Research Digest – January 2019

2017 Annual Report—Canada’s Action Plan to Reduce Greenhouse Gas Emissions from Aviation
November, 2018 (Transport Canada)
  • “In 2017, the overall rate of fuel efficiency (i.e. litres per RTK) improved by 2.8 percent, compared with 2016. The combined domestic and international fuel efficiency rate reported for 2017 was 33.31 litres per 100 RTK (combining both passenger and cargo traffic).”
Global Petroleum Survey 2018 –
November 29, 2018 (Fraser Institute) – Available in English only
  • “Our analysis of the 2018 petroleum survey results indicates that the extent of positive sentiment regarding key factors driving petroleum investment decisions has increased in many of the world’s regions. The United States remains the most attractive region for investment globally, followed by Europe. Canada’s score declined this year, causing this region to drop one spot to the fourth most attractive region in the world for investment.”
Towards Road Freight Decarbonisation -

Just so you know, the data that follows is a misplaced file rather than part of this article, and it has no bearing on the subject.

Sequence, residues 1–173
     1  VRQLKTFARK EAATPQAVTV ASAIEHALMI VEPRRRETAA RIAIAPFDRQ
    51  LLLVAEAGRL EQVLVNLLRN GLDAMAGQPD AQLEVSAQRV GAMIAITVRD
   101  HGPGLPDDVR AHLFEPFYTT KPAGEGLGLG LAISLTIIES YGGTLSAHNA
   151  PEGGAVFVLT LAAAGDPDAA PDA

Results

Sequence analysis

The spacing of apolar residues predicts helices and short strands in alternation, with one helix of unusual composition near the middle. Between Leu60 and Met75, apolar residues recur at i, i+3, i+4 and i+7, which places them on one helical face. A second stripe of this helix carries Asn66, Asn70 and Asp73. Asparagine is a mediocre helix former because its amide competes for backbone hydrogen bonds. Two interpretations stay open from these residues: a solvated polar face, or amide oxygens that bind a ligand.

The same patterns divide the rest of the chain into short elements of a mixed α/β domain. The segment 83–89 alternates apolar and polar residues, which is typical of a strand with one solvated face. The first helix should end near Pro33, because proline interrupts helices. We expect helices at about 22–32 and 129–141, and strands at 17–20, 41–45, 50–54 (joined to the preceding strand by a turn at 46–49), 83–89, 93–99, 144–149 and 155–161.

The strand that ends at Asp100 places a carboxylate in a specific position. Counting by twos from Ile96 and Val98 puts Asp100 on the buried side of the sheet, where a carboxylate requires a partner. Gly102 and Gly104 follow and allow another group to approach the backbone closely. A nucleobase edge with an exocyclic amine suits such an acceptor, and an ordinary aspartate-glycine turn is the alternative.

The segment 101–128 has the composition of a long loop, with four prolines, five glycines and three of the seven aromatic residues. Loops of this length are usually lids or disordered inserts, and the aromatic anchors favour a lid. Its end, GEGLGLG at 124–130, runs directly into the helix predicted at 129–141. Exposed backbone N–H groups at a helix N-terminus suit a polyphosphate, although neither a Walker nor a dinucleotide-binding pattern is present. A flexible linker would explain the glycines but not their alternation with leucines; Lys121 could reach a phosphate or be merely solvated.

December 5, 2018 (International Transport Forum ITF) – available in English only
  • “Technologies that improve the fuel efficiency of diesel heavy vehicles are a fundamental component of a pathway towards decarbonising road freight (e.g. aerodynamic, reduced-rolling resistance of tyres, weight reduction, increased engine efficiency and hybridisation). In the short- to medium-term this is where a significant part of emissions savings can be delivered, particularly for heavy trucks on long-haul operations.”
Energy Efficiency Indicators 2018: highlights –
December 7, 2018 (International Energy Agency
  • “Globally, energy use and economic development have been decoupling, with gross domestic product (GDP) more than doubling between 1990 and 2016, whereas total primary energy supply (TPES) grew by 57%.”
Western Canadian Crude Oil Supply, Markets, and Pipeline Capacity
December 27, 2018 (National Energy Board)
  • “This report gives insight into the imbalance between supply and capacity to move crude oil to markets and factors that have contributed to a wider discount (known as a differential) for Canadian crude oil; it also describes how space is allocated on pipelines in Canada.”